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Lynx
RESIST

Post   » Mon Oct 02, 2017 12:47 pm


That is an interesting technique. It would be wonderful if this could be done with warm, sterile saline but it might take a lot.

Kernal Popcorn

Post   » Mon Oct 02, 2017 8:08 pm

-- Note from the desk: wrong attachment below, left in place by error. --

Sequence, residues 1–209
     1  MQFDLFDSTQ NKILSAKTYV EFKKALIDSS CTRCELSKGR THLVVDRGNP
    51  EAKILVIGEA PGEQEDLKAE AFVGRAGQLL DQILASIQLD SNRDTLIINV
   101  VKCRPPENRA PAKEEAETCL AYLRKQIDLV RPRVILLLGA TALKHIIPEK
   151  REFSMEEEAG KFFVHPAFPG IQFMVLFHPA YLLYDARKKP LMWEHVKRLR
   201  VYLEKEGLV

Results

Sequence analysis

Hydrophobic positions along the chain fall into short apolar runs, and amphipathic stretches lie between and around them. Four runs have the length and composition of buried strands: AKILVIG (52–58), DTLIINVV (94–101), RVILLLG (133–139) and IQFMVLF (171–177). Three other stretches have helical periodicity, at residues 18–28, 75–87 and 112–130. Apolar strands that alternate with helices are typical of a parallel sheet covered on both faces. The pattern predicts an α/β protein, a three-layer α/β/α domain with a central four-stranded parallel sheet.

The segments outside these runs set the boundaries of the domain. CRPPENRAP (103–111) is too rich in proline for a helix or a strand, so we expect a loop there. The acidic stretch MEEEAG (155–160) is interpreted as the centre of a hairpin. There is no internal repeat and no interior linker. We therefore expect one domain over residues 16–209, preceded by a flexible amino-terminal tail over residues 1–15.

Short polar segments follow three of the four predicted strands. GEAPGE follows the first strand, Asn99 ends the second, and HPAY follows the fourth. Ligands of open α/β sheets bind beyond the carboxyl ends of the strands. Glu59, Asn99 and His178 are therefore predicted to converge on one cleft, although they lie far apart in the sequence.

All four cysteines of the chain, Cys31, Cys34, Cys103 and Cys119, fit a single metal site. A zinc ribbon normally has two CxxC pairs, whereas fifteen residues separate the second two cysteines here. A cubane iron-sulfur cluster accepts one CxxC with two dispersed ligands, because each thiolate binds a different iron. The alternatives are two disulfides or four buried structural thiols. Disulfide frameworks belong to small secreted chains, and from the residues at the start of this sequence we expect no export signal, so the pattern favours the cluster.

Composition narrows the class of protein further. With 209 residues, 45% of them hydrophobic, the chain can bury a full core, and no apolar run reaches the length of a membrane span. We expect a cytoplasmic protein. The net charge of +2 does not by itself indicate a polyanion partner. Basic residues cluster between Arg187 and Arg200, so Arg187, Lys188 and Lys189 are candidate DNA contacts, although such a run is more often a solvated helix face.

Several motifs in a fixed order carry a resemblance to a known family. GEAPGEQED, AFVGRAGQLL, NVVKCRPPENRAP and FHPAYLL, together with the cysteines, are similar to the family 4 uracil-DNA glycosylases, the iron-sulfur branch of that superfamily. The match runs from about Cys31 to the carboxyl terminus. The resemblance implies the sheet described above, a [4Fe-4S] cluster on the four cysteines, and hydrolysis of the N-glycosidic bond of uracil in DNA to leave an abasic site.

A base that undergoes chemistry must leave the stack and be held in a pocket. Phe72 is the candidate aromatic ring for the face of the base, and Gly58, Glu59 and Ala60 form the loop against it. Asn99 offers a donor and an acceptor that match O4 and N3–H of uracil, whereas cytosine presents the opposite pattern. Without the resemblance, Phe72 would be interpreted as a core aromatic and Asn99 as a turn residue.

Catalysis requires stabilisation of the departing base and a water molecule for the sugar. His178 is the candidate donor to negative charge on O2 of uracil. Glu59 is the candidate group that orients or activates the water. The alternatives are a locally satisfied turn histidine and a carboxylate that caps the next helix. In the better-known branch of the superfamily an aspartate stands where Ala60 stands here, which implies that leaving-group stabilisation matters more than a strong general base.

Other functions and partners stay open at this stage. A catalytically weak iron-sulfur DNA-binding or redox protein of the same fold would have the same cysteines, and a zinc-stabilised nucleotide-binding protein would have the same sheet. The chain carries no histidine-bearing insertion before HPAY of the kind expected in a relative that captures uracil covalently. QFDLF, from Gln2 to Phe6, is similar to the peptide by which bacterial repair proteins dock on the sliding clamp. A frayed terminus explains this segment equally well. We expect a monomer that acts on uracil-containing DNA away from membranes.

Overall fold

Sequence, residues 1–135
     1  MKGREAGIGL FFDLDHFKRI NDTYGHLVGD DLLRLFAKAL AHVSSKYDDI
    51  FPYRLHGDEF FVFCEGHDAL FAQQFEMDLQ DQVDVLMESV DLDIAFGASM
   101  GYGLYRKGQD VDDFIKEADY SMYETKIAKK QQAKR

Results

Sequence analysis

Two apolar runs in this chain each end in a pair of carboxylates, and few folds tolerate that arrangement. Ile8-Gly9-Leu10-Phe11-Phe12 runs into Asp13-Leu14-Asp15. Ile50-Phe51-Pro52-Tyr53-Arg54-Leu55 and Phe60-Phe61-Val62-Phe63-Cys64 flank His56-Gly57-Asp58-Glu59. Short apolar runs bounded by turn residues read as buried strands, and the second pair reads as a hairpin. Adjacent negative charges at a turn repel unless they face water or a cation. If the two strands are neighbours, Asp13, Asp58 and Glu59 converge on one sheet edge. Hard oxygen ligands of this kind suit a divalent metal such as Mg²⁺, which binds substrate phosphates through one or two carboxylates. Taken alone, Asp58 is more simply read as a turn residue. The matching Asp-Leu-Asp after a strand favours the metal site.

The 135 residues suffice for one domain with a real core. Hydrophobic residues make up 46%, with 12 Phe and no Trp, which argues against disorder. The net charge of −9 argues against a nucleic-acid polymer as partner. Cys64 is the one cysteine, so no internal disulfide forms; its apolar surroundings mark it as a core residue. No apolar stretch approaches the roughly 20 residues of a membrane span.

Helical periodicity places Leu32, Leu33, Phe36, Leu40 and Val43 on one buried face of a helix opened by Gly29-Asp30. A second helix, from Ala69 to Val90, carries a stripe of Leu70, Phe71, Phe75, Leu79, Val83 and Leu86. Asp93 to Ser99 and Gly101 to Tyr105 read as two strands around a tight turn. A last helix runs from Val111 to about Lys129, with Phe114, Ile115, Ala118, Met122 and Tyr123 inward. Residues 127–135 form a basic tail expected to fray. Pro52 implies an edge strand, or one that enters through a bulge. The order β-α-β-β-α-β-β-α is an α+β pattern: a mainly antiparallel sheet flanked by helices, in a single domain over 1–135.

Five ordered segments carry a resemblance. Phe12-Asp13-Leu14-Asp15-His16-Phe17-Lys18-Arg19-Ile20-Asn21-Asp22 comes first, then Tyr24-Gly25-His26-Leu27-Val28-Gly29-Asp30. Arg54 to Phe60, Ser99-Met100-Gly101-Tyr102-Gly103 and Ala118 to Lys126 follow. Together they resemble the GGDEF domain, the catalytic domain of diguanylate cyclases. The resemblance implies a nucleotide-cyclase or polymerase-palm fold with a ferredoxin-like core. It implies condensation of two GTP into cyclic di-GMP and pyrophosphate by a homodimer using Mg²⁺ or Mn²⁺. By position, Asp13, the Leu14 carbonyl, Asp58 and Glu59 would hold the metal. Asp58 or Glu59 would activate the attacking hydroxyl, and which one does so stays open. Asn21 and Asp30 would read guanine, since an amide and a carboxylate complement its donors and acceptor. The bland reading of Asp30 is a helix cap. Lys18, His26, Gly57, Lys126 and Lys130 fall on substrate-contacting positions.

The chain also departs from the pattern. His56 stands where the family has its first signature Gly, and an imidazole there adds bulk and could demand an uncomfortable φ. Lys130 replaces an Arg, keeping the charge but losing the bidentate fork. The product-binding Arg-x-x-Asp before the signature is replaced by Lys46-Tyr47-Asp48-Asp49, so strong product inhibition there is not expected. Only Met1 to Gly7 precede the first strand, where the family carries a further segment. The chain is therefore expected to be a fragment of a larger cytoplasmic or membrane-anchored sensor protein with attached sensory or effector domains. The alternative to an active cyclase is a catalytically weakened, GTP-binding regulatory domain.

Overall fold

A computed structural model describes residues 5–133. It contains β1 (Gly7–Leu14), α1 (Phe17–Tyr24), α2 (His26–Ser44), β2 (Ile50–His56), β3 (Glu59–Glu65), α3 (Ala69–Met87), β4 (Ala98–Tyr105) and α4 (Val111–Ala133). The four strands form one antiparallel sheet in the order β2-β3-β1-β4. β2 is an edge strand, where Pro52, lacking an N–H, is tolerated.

Thank you everyone for the suggestions and information and also moral support. I was so upset after what he went through. No he had not been given any antibiotics and I had to ask for critical care and metacam after the second surgery. I didn't see a vet before or after either surgery and the information provided by the vet nurse was sketchy, (after the second surgery his care was discussed without him present as I had trouble paying and they wouldn't let me see him until I'd settled the bill in full despite been regulars at the clinic) They went in initially looking for two testicals, however not having spoken to the vet I am again unsure but presume this is the case with two incisions. The original plan after the first op was to take him for an ultrasound however it was a different vet who did the second surgery and able to find the other testical. He certainly has had a huge irdeal. The good news is he is more animated and even a little playful at times although tires easily and eating some vegetables on his own now but typically after having a bit of critical care and metacam. However he had developed an infection now. Thank goodness the public holidays here are over. Not particularly wanting to go back to the same vet but will to get the antibiotics. We are in Australia. We have hyrdrolyte here and I have two children so had some in the cupboard. A good tip, thank you! He has been wee-ing on me (which he usually prefers to do in his litter box) but at least I know he's hydrated. Poo's are looking better too. So glad I found this forum. Well versed pig fanciers